Whylah Falls was a brick launched through library stained glass,
and scholars went at it like a lost blues score.
         Nothing mediocre – no tin-pan Opry – found there.
Something ‘un-Canadian,’ hissed a critic. (Clarke 2014: 45)

The term ‘tin-pan opry’, an abbreviation of tin-pan opera, here activates awareness of the rise of ragtime music in America during the 1920s and 1930s in the shift away from a European opera tradition toward ‘popular’, vernacular music, derived from African roots, but which could be embraced by all (Hamberlin 2011). While in part conveying the tension between ‘high-brow’ and ‘low-brow’ – the metapoetic excerpt might be thought to allude to voice as a problem of audience. Maureen Moynagh (2013) summarises key points made by George Elliott-Clarke about voice in his essay ‘Bring da Noise’ (Clarke 2012):

The problem of voice is, for the black writer, also a problem of audience. The risk is either that a demotic, music-oriented verse is dismissed as mere ‘performance,’ or that a more ‘grammatical’ verse is derided for its ‘whiteness’ [Clarke 2012: 177]. Acknowledging that these debates have beset black writers for quite some time, Clarke insists that ‘no poetic form is primordially black or white in its signification’ [2012: 177]; but he also recognizes that ‘any black writer’s aspiration to apolitical self-expression’ is invariably fraught [2012: 179, emphasis in original, and 177]. Ultimately, Clarke makes a case for assessing the work of poets who opt to foreground orality according to the terms of orature rather than ‘by the print conventions of Eurocentric poetry’. [2012: 181] (Moynagh 2013: 145)

The orality that is foregrounded in Traverse – by virtue of its deliberately-bound rhapsodic sonnets, designed to be read aloud – is also thematically rendered within its pages. Orality is there implicated, along with reception, in the making and unmaking of the autobiographical-poet-subject. In ‘Sonnet I’, the developing autobiographical-poet-subject avows an inheritance of ‘backtalk – ‘nasty Nofaskoshan’ noise – black and insolent (Clarke 2014: 3), and ‘talks back to’ black occlusion in reception. In lines 1, 10 and 11 of ‘Sonnet IX’, orality or ‘talking back’ is conveyed as a means of contesting subject positions:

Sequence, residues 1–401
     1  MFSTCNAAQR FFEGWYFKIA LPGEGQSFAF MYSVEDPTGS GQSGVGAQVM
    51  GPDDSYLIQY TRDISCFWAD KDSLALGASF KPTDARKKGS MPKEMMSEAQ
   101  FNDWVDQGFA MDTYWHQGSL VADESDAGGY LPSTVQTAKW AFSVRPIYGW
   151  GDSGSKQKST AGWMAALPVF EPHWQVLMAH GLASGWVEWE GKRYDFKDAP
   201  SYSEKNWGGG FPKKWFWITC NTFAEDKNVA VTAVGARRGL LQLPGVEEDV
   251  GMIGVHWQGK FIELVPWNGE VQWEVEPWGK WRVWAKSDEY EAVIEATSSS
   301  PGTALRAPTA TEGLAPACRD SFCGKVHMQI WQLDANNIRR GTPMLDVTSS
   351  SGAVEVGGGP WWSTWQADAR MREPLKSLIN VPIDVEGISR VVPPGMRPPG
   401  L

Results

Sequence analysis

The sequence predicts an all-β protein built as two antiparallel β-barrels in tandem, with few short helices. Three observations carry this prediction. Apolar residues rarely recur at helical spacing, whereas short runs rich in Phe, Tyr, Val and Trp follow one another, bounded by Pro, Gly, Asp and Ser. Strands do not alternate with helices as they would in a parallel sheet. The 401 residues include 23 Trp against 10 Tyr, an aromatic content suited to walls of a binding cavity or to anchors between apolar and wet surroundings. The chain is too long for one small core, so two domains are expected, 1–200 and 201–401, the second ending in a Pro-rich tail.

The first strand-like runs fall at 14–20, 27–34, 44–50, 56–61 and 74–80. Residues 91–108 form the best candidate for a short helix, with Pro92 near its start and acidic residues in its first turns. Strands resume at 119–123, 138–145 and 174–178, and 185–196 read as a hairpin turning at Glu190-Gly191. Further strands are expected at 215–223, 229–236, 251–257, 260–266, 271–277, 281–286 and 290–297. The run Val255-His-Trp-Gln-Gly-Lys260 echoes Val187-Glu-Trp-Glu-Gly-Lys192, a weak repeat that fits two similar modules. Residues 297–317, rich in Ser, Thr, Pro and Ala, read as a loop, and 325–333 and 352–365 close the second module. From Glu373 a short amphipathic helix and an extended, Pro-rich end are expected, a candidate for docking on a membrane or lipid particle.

Once I penetrated the oval, cuntal Legislature,

         Amazing it was to stand outlaw in the womb
of Law … (Clarke 2014: 11)

The language of making and unmaking in Traverse is not always concerned with (re)construction and contestation; it can be focused on editing and redaction, as evinced in ‘Sonnet LIX’:

Accidentally, I’ve here blacked out some passages –
         those nights lounging in strangers’ rooms,
barfing concoctions of sugar cookies and plonk,
         after hours fixin liquored pals’ tricky lyrics,
deciding what was imperishably publishable,
         what wasn’t,
cutting through cobwebs of adjectives
         to free the startling, tarantula verbs. (Clarke 2014: 61)

Metapoetic comments in Traverse can also thematise the ‘advance toward poetic-maturity’ as a type of unmaking, as can be seen in the wry intertextual reflection of ‘Sonnet XL’:

Suddenly 27, shooting tequila, I was scared
         to spy a white hair on my head
and to have attained an age, Yeatsian,
         that required quadruple syllables to pronounce. (Clarke 2014: 42)

Similiarly tongue-in-cheek are metapoetic comments that convey the autobiographical-poet-subject’s perception that his writing is off-putting for audiences. Although Roy Wang in his Arc Magazine review observes that in Traverse, ‘Clarke’s strongest voice exhibits pride and disdain for his vast erudition’ (Wang 2015: n.p.), in ‘Sonnet LVI’ that disdain, however, is wrought with wry humour, and conspicuously metapoetic; an ironic unmaking.

Execution Poems was this big, black book.
         Blood-hued acid was the titular ink.
Readily, the poems, dramatically erratic,
         strayed into the epic of a novel.
(George & Rue could not emerge yet, however,
         from Bellagio and the Hotel Vancouver.)
But Blue edged along, consciously atrociously too –
         using a jigsaw poetry, a hacksaw poetry,
to maim critics with one eye already gouged out,